Posted tagged ‘research funding’

Determining the national research agenda

March 27, 2011

A common feature of government-commissioned higher education reviews in a number of countries in recent years has been the suggestion that publicly funded research (and indeed teaching programmes) should take account of national strategic priorities. Put another way, what this means is that if university researchers are spending public money on research projects, these should at least in some measure address issues and problems that the government has identified as being important.

So for example, this imperative was set out in New Horizons, the final report of the Scottish Joint Future Thinking Taskforce on Universities, as follows:

‘Universities already contribute and will expect to continue to contribute significantly to making Scotland a more prosperous place. In future, though, the Scottish Government will expect the university sector to demonstrate more explicitly how the funding it receives from the Government contributes to delivering against the National Outcomes, thereby ensuring there is alignment of publicly funded activity against the Scottish Government’s Purpose – its vision for the whole of Scotland – as set out in the National Performance Framework.’

Similarly in Ireland the Hunt report (National Strategy for Higher Education) suggested that research should be more focused and should address areas of strategic priority identified by the government.

The case for these recommendations would be that as significant public money is being spent, at least some of it should be spent on finding solutions to national problems identified by elected governments. The case – maybe not against this proposition, but at least in partial qualification of it – might be that the academy cannot constantly be conscripted to follow the latest political fad; and that society benefits greatly from general research capacity building, and that curiosity based research is often responsible for some of our greatest advances.

An example of the problems this kind of approach may encounter can be found in the recent decision by the British government to make David Cameron’s concept of the ‘big society’ a required subject for at least some funded research. Apparently the government made the maintenance of the full funding for the Arts and Humanities Research Council conditional on a ‘significant’ amount of the money being spent on the ‘big society’ idea. This has generated accusations that the government is using public money to give academic respectability to what is really just a political slogan.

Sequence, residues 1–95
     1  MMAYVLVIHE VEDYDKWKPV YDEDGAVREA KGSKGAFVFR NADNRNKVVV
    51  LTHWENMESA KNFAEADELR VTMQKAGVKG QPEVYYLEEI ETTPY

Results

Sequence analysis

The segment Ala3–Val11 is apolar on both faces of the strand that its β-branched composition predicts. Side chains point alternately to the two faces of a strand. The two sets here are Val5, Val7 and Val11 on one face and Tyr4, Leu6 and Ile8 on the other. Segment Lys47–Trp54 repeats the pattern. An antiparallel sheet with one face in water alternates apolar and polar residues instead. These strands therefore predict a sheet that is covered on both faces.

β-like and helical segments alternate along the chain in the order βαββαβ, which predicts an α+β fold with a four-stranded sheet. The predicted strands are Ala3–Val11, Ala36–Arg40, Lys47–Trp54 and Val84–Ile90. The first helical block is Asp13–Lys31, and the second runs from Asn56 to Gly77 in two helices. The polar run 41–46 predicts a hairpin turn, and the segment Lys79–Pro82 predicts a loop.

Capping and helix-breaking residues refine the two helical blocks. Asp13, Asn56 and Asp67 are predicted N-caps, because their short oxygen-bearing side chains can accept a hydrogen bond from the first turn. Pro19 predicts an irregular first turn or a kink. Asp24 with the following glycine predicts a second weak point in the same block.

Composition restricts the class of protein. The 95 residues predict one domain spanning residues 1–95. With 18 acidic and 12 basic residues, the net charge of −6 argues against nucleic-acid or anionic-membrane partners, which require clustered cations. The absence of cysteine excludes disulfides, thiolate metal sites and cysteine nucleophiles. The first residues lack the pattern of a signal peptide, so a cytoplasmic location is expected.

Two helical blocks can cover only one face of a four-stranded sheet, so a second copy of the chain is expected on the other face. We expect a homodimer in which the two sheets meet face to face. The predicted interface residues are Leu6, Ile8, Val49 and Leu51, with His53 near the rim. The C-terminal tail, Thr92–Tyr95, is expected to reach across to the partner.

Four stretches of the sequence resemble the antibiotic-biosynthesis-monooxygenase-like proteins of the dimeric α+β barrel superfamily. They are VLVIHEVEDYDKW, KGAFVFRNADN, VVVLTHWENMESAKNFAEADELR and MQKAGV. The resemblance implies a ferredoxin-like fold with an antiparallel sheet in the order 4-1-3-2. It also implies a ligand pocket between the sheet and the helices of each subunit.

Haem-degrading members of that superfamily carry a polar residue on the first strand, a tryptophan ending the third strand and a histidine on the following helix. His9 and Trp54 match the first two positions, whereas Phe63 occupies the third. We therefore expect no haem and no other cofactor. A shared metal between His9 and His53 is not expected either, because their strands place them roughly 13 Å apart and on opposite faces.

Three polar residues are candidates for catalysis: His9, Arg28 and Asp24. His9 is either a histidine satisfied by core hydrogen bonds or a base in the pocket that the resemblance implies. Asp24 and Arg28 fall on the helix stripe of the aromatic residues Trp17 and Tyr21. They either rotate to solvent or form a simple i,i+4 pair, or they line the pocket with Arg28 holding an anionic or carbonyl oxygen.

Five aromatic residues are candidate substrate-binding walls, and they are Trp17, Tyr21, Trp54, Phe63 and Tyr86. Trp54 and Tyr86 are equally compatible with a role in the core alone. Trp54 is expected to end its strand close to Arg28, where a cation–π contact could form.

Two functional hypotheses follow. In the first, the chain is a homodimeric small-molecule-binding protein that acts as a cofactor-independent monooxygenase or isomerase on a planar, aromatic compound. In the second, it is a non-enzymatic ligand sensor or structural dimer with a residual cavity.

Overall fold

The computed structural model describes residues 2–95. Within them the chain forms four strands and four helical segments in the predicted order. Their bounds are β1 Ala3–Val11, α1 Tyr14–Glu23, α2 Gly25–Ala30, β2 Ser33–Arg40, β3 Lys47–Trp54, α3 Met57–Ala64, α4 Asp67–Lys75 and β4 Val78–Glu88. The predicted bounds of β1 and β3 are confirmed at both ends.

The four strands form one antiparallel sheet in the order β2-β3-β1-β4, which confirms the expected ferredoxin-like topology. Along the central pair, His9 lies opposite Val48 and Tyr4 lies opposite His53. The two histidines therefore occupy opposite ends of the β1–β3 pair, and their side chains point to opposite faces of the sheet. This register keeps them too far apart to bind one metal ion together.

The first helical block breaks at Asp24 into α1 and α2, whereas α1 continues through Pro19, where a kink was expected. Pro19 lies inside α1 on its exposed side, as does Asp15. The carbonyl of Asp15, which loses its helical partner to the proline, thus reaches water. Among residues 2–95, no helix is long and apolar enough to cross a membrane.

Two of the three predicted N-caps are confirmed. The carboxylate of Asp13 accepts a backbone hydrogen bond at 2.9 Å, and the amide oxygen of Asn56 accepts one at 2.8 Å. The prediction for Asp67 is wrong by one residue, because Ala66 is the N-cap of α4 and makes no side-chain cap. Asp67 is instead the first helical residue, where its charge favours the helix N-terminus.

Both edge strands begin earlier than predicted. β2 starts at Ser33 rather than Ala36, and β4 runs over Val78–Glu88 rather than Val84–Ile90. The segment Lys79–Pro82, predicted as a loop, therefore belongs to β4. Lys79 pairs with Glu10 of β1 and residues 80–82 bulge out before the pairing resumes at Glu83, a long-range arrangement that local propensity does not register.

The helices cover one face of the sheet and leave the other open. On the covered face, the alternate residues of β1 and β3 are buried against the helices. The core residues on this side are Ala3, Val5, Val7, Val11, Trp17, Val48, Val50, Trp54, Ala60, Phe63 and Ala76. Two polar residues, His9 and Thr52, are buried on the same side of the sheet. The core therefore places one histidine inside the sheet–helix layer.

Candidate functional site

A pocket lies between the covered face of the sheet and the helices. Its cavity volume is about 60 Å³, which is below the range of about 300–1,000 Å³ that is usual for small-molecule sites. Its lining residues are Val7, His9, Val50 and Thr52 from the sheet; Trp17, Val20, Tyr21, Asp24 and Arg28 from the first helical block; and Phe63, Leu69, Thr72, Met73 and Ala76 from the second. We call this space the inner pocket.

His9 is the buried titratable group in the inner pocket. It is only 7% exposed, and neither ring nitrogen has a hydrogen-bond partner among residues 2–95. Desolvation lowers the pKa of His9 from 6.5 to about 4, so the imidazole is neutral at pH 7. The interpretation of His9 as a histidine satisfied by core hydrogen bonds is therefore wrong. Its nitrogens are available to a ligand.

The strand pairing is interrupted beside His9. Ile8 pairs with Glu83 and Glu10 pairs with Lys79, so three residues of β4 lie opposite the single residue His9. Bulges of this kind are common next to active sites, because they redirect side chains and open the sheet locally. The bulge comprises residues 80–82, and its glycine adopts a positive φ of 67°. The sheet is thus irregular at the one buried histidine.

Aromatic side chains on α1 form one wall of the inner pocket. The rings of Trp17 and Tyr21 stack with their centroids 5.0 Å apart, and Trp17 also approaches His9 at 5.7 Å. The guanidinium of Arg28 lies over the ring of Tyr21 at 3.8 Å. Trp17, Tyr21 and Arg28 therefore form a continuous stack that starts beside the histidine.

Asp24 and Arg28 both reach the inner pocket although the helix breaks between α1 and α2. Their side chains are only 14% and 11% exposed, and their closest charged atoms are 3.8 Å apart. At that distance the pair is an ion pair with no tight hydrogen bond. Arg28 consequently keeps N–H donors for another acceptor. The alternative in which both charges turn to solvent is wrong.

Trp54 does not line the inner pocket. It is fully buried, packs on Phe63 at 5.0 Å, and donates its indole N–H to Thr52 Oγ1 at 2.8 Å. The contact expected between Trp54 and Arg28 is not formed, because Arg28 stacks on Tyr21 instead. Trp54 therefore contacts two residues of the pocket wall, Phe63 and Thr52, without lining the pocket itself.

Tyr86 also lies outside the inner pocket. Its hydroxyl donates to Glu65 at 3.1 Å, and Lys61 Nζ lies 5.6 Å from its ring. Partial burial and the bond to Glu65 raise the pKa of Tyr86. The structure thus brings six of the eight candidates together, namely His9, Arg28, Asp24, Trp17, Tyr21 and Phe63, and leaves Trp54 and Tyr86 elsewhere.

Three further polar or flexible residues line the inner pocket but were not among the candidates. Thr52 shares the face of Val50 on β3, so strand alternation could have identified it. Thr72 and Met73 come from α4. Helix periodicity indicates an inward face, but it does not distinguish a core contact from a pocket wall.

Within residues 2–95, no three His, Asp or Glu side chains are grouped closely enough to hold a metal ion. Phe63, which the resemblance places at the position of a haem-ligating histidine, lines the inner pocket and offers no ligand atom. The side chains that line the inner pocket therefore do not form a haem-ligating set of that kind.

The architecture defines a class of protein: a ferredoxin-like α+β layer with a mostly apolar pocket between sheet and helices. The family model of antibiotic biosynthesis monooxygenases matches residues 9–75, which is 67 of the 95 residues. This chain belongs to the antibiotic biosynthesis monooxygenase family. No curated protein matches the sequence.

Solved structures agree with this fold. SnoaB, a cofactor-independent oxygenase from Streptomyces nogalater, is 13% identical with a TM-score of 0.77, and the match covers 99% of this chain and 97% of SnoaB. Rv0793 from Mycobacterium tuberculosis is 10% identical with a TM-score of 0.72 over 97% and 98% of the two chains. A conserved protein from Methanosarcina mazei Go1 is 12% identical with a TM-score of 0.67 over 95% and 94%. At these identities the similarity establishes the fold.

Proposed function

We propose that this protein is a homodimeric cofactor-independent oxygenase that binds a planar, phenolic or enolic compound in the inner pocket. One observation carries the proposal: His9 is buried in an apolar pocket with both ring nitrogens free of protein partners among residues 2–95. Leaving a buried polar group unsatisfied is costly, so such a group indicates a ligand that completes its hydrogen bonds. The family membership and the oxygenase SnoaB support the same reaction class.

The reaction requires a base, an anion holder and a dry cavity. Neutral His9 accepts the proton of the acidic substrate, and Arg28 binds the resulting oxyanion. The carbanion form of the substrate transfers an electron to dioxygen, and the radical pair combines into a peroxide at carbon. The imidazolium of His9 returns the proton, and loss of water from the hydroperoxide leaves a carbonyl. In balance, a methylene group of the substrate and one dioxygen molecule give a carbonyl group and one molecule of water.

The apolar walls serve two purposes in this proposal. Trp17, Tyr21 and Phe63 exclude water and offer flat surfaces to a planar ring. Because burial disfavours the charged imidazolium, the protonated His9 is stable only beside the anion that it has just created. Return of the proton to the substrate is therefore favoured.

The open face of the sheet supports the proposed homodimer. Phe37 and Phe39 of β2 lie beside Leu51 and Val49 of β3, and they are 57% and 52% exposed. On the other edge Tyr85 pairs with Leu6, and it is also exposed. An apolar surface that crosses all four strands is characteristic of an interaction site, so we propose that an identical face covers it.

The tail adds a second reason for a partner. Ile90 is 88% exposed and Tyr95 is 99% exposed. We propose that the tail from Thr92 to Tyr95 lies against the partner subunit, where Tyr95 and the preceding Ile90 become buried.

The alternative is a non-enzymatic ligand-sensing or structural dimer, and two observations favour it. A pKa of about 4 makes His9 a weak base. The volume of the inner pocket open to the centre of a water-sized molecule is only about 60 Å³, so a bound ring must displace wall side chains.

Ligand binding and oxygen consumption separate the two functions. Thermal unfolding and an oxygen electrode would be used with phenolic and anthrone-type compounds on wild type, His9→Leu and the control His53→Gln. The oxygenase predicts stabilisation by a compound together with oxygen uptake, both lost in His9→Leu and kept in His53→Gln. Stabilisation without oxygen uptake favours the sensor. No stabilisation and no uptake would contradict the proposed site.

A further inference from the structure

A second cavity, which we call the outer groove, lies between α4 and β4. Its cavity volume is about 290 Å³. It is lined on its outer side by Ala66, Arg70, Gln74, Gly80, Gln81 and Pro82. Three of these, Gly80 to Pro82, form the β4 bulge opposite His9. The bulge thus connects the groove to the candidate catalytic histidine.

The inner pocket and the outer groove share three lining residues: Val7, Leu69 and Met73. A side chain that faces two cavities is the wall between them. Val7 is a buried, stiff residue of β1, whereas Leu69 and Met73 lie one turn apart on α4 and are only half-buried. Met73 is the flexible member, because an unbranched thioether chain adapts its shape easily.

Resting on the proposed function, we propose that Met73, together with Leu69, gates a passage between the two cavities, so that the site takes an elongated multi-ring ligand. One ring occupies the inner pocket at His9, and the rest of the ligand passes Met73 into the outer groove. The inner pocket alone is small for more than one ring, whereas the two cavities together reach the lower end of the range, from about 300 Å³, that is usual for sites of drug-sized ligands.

It is a tricky issue. The ‘big society’ concept has already been the subject of some academic analysis anyway: for example, in this seminar at the University of Southampton. If public money were being allocated on the condition that researchers validate a political slogan or a particular party’s policies, then we would be moving into territory that might more comfortably be left to Libyan leader Colonel Gadaffi.  But a more impartial approach to analyzing government policies, including analysis of a central policy platform, may be less of a problem. But even then some may feel that any government direction of the subject areas for academic research crosses a line.

It seems likely to me that it is no longer realistic to expect governments, with scarce resources to distribute, to stay away from any kind of prioritisation of research areas. However, what could not be acceptable would be any attempt to make research focus on partisan political concepts. Furthermore, what must also be ensured is that any such process does not take over the whole academy, and that independent research, including research with no particular policy agenda or strategic focus, is also maintained in significant volume. That is the deal that higher education must aim to strike.

Research and jobs

August 13, 2010

Conor Lenihan, Ireland’s Minister for Science, Technology and Innovation, was recently reported as explaining the link between the funding of university research and job creation.

I confess I am always nervous whenever a politician links research expenditure with job creation. It is not that there isn’t a connection, but rather the connection is not as direct as most politicians would like. If you give a government grant to a company to create 1,000 jobs, you get 1,000 jobs (at least for a while). If you give the same amount to a university research team, you’ll probably get around 12 jobs. This disturbs some politicians, who feel that they cannot sell this expenditure to their voters; and so the politicians sometimes move to exaggerate the jobs impact – and as we have seen, sometimes universities themselves play along with that.

Perhaps the most useful approach in all of this would be to stop talking about job ‘creation’ more generally. Jobs become available and are sustained on the back of viable economic activity, and this is where the emphasis must lie. Public money increasingly cannot ‘create’ jobs at all, but it can create an environment in which employment develops. And research is perhaps the most effective way of achieving this in an advanced economy.